Social Welfare Appeal G0131: State Pension (contributory)

Date of Final Decision: 27 June 1997

Keywords: State Pension; Fair Procedures; Natural Justice; Fair Hearing; Oral Hearing; Cross Examination; Witnesses; Incomplete Records; Evidence; Estoppel

Organisation who represented the Claimant: N/A

Title of Payment: State Pension (contributory)

Casebase no: G0131

Case Summary:

The case reference is Galvin v Chief Appeals Officer [1997] IEHC 218.

The case concerned a challenge to the decision by the Chief Appeals Officer of the Department of Social Welfare (the “Respondent”) when assessing the application of Mr Galvin (the “Applicant”) for a contributory old age pension. The Chief Appeals Officer (and before them the deciding officer and appeals officer) had denied this application. The reason for this decision was that the Department did not have records to show that the Applicant had made sufficient social insurance contributions to be eligible to receive this benefit.

The Applicant asked the High Court to review the decision. He claimed that the failure to offer him an oral hearing where he could cross-examine the persons in charge of the records of the Department and produce his own evidence to support his claim that he had made sufficient social insurance contributions was a breach of his right to fair procedures. He also said that, in any event, he should be entitled to receive the contributory old age pension because he had received a letter from the Department of Social Protection saying that he didn’t need to make further contributions to receive a pension. The Department said that it was entitled to rely on its own records, which showed that he hadn’t made enough social contributions, and that while an appeals officer had the power to convene an oral hearing under the relevant legislation, it wasn’t obliged to do so.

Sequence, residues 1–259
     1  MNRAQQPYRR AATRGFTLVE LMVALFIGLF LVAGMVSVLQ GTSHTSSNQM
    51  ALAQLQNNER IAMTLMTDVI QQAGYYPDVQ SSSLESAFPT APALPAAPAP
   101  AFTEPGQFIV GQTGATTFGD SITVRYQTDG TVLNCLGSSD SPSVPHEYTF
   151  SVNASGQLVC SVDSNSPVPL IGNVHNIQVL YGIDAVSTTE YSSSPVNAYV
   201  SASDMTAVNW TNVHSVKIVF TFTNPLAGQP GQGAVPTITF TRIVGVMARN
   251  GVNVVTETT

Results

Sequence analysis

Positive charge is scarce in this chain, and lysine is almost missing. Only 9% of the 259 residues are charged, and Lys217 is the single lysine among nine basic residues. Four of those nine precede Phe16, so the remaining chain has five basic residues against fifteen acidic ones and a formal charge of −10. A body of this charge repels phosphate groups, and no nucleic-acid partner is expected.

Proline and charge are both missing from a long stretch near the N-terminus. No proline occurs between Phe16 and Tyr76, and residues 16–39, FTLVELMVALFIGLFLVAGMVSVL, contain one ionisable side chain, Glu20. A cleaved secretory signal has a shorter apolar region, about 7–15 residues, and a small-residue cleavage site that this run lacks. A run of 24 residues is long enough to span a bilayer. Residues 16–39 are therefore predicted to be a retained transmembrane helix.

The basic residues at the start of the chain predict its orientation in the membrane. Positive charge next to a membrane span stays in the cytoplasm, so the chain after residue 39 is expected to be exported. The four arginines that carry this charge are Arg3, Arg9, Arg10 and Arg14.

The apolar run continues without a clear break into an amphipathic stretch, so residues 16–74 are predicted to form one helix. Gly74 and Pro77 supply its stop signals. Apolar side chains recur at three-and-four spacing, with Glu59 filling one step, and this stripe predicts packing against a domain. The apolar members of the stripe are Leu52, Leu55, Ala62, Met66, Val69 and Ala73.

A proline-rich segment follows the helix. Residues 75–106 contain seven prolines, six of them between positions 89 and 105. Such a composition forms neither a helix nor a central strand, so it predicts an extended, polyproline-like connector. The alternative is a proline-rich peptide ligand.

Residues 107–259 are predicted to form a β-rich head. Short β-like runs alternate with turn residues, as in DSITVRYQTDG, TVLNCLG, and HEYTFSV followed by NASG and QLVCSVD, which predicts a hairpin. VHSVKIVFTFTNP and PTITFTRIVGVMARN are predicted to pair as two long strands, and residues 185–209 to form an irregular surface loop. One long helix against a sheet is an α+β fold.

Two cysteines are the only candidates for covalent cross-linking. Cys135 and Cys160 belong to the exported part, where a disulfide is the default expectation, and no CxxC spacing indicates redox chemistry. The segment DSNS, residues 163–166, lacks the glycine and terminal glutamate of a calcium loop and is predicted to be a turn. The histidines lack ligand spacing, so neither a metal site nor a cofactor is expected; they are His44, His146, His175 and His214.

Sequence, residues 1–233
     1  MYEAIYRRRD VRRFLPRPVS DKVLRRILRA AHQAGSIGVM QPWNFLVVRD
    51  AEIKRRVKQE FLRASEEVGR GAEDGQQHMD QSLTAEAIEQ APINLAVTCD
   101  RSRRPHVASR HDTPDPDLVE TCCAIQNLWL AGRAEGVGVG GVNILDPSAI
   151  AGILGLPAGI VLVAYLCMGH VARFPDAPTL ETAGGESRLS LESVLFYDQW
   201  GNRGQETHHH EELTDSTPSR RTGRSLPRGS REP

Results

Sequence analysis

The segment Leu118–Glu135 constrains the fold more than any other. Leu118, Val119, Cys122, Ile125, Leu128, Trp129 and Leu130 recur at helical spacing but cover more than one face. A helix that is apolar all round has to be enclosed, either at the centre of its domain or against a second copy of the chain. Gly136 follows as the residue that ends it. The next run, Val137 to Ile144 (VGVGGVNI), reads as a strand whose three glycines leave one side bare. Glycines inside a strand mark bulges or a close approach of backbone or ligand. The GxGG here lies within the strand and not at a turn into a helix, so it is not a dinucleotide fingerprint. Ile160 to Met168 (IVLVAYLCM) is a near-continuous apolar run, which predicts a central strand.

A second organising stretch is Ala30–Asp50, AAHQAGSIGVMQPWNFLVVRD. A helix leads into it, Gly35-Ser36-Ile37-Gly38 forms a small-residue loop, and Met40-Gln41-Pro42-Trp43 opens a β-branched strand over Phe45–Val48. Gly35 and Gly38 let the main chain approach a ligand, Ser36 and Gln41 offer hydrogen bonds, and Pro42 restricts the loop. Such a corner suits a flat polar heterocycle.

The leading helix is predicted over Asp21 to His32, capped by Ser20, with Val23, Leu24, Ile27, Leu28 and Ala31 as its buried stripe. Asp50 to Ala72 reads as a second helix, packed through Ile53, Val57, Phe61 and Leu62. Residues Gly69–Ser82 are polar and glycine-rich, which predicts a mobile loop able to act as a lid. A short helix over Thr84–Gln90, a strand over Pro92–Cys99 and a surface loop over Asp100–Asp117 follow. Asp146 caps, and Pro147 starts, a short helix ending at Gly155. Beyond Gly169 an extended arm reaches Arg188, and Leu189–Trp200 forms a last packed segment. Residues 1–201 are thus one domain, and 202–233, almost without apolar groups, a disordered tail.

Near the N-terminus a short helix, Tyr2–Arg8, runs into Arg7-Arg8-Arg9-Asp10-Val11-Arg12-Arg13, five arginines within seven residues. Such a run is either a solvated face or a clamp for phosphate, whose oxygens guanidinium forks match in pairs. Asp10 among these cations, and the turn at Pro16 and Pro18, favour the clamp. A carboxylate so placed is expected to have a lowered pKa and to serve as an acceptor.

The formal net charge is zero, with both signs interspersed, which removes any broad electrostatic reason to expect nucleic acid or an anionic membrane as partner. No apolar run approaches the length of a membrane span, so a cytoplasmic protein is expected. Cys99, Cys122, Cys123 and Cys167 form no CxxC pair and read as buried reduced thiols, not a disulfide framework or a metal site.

The High Court found that while there is no general right to an oral hearing in all cases. However, the Applicant in this case should have been afforded an oral hearing where he could cross examine witnesses and give evidence. This decision was based on the specific circumstances of the Applicant’s case. The Department was ordered to schedule an oral hearing and to allow the Applicant a right to appeal any decision made by the appeals officer at that oral hearing to the Chief Appeals Officer.

The High Court didn’t agree with the argument that the letter sent by the Department of Social Protection entitled the Applicant to receive a pension. The Applicant said that the sending of this letter prevented (or, to use the legal term, “estopped”) the Department from denying the Applicant a pension because that would be inconsistent with that communication. The Court said that even if the Department had not said to the Applicant that he had made enough social insurance contributions, the Applicant wouldn’t have been able to change the question of his eligibility to receive a pension by making more social insurance contributions, and that this meant that this argument must fail.